There’s a lot of good at Dr Feelgood’s. Quirky decor that makes you feel as though you’re sat in an ever-so-cool New York speakeasy, rather than a Wearside retail park: good.
A mouth-watering range of unusual food and drinks that you can’t pick up anywhere else in the city: good.
However, what’s not so good is the service. It’s been over a year since I last visited, when I waited over an hour for some lamb skewers to arrive, only to be told they had no lamb.
That was not long after the restaurant opened above Liberty Brown and, venturing back for the first time since, I hoped the last experience was down to teething problems.
Early signs were promising. We visited mid-afternoon and hadn’t booked, but with only a dozen or so fellow diners we were easily seated.
Our waiter was perfectly friendly and he certainly looked the part. Like the bar itself, the staff are a stylish, braces-sporting bunch.
He took our drinks order promptly and one thing you can’t fault Feelgood’s on is its drinks. Weird and wonderful, some come with plumes of smoke, some in a skull glass, some look more like a colourful chemistry experiment.
My choice of bumbleberry mint julep (£6.95) was a triumph of a tipple. I’m not usually a lover of whisky, but using whisky as a mere base meant it wasn’t too over-powering.
Instead, the other flavours – including chambord black raspberry liqueur, fresh raspberries and blueberries and mint – infused through the drink.
Even though our drinks had been served we still waited more than 45 minutes for our food order to be taken after a couple of failed attempts to grab our waiter’s attention.
We also had to ask twice for a table to be wiped down after a drinks spill. It’s frustrating to complain about the service when the food is of such a high standard.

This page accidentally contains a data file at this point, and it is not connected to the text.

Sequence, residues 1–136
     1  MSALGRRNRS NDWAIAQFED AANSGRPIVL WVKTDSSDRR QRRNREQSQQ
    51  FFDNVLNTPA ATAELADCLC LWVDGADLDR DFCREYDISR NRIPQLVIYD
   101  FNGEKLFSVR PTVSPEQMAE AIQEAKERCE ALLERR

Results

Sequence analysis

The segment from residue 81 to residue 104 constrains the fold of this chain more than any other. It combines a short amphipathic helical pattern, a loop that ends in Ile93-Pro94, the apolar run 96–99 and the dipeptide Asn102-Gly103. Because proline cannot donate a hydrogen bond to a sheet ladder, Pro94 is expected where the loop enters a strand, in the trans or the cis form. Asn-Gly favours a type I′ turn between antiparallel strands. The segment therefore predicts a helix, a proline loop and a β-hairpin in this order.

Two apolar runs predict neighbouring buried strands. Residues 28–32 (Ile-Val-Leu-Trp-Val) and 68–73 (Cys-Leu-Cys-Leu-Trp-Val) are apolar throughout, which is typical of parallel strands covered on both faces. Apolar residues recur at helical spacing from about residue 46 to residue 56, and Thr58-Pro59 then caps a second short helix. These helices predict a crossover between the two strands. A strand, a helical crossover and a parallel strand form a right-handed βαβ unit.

Unlike many restaurants in Sunderland which go down the obvious route of an Italian menu, Dr Feelgood has thought outside of the box, drawing culinary inspiration from around the globe for his tapas.
There’s za’atar spiced halloumi with eggplant zaalouk from the Middle East (£5.95), duck spring rolls from the Far East (£6.95) and turkey, chorizo, butterbean and tomato stew (£5.95) from Spain, to name just a few.
The whipped goats cheese cones with sprinkles of red pepper, presented like ice cream cones in a test tube rack were a particular delight.
A perfectly light and savoury dish which looked like a sinfully sweet dish – this is a nod to the Heston Blumenthal-style of cooking.
It was the pork san choy bau which stole the show for me, however.
Again, it’s beautifully presented: a mini silver pan of mince, a tin of crisp lettuce leaves and a side spoon of chillis and crushed peanuts are served on a wooden board.
It means you can concoct your own parcels of tender mince and season to your liking. It’s a dish that’s impeccably executed and is a good-sized portion for £6.95.
The exceptional food and drink is enough to lure me back to this off-the-beaten track eatery, I just wish the service was a bit more snappy.